Judge casts doubt on obstruction charge in Capitol riot cases
A federal judge on Friday questioned a key charge the Justice Department is relying on to prosecute hundreds of Capitol riot defendants, Politico reports.
Why it matters: For many defendants, the obstruction charge is the most serious count they face. If U.S. District Court Judge Dabney Friedrich tosses out the charge in the case of Guy Reffitt, it could be similarly dismissed in other cases.
How it works: The criminal charge of obstruction penalizes "[w]hoever corruptly otherwise obstructs, influences, or impedes any official proceeding, or attempts to do so."
- It's typically applied in cases where a defendant has intimidated witnesses, jurors or judges, or destroyed records or evidence, according to Politico. It carries a maximum of two decades in prison.
- Prosecutors argue that it applies to efforts to thwart any "official proceeding" by the federal government, including the certification of the 2020 election, which is what Trump supporters were protesting when they breached the Capitol.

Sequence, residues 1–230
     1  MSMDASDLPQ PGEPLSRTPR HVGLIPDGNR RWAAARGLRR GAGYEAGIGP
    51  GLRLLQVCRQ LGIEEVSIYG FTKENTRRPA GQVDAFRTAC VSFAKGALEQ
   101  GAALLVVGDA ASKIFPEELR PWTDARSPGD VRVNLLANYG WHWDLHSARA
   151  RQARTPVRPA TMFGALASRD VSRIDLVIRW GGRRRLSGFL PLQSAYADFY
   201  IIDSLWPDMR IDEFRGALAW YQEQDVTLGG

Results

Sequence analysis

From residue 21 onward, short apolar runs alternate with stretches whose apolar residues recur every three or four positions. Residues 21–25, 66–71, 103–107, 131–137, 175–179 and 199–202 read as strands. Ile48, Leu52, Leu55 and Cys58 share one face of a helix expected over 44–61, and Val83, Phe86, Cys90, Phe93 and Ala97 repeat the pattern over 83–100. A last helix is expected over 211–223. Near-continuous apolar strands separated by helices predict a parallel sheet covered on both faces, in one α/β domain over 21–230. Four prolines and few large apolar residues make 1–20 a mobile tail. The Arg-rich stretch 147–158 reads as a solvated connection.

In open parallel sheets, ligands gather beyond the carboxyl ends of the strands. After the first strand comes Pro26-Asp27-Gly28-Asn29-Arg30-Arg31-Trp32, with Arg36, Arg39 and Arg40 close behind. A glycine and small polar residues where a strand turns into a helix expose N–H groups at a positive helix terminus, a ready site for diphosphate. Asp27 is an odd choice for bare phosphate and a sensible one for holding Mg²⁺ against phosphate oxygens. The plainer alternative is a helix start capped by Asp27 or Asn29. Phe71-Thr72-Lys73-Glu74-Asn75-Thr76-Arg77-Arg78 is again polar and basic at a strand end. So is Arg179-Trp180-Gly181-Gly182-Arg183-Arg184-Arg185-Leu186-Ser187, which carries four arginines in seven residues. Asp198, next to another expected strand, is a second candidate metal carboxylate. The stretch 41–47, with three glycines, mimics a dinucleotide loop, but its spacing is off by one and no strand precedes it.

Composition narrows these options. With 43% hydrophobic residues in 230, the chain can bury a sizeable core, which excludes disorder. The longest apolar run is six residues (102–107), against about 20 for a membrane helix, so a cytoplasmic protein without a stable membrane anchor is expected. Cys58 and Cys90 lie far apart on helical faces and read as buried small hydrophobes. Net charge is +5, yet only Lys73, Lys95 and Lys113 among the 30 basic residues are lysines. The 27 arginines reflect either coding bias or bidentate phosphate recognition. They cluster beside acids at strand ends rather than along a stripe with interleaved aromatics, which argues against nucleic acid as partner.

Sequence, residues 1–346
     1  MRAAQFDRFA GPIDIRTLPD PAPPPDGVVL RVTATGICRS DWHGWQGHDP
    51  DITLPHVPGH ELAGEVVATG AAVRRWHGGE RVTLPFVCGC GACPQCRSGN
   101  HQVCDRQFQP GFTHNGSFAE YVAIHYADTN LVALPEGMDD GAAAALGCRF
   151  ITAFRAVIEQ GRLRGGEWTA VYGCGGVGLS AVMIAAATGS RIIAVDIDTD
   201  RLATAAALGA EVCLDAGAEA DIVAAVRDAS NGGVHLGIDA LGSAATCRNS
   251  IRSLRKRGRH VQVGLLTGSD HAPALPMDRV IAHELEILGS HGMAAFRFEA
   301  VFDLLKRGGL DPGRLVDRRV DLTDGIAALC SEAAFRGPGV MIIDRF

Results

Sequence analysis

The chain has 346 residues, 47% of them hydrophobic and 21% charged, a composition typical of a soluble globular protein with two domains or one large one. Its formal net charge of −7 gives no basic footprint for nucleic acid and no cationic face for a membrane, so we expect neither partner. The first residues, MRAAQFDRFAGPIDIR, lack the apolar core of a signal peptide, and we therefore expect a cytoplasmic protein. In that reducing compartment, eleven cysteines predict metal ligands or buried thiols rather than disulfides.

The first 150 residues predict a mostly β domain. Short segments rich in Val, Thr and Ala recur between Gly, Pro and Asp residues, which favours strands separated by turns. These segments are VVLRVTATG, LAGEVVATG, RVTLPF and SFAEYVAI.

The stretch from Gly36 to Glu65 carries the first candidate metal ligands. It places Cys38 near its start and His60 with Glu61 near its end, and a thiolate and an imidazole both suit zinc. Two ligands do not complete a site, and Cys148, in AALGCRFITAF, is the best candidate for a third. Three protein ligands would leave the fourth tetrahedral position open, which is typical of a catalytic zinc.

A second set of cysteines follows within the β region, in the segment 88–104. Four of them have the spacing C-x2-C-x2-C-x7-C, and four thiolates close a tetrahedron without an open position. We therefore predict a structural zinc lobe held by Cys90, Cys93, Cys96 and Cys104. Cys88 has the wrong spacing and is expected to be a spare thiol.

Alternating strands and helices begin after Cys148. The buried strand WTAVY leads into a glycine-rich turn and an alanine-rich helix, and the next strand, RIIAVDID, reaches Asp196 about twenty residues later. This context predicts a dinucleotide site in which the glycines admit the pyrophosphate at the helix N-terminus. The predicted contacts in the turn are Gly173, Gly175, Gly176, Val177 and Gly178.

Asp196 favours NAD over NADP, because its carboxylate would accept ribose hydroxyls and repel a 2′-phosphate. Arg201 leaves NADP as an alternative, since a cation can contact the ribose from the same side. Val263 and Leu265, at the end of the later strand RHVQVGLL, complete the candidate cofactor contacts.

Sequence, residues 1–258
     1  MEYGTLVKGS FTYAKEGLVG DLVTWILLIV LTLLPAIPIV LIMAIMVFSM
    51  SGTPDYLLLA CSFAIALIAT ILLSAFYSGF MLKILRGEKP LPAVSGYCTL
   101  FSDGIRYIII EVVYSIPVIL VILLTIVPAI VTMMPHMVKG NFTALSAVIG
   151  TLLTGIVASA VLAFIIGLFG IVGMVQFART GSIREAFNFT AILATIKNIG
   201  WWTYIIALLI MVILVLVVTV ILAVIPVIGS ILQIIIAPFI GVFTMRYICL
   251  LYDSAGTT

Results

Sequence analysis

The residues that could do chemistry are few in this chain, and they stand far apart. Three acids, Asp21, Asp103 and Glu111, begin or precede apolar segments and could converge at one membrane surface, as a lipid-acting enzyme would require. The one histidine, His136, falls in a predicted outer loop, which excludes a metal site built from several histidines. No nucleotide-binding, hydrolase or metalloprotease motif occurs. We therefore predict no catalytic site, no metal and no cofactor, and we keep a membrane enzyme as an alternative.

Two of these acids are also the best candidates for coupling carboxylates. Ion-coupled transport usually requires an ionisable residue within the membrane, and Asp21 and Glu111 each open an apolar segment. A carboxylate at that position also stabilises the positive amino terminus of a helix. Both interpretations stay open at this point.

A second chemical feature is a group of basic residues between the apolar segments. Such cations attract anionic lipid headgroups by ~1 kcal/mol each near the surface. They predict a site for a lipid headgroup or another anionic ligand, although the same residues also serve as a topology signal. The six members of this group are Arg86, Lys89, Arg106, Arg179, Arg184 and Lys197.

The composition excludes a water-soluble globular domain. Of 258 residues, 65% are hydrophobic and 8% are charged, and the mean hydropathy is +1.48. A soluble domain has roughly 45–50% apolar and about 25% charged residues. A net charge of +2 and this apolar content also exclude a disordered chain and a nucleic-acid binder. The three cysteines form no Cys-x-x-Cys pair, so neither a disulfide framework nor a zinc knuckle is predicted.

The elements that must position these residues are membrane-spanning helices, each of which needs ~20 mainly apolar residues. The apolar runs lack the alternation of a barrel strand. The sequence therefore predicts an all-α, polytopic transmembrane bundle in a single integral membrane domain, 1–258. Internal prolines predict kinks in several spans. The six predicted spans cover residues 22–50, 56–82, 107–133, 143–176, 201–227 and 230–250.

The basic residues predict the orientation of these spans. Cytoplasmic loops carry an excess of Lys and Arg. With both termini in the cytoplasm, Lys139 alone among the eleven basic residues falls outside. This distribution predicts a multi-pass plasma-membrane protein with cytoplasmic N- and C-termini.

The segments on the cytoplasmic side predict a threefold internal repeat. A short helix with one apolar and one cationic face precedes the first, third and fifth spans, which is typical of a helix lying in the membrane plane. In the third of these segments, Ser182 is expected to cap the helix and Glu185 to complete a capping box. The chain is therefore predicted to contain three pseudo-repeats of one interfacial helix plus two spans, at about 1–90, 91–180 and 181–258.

- Defense lawyers, however, have contended that the charge does not apply outside the legal system.
Details: Reffitt is charged with confronting an officer and bringing a weapon onto the grounds. The DOJ's affidavit states that he threatened to shoot his children if they turned him in.
- On Friday, his attorney asked Friedrich to dismiss the obstruction charge.
- Though Friedrich agreed that the certification of the election counts as an official proceeding, she raised doubts about whether the charge is appropriate.
What she's saying: "This is a vague, undefined word," she said per Politico, referring to the statute's use of the term "corruptly."
- "When you’re looking at such an undefined term that you’re interpreting so broadly ... you’re basically saying the meaning of corruptly is wrongful," she told prosecutor Jeff Nestler.
- When Nestler said the DOJ aims to prove that Reffitt's intention was corrupt, evil and wrongful, Friedrich asked, "But what does that mean? The jury needs to decide what’s evil?"
- "That doesn’t have meaning," she added. "It’s standardless."
What's next: Prosecutors have until Nov. 29 to make their case in greater detail.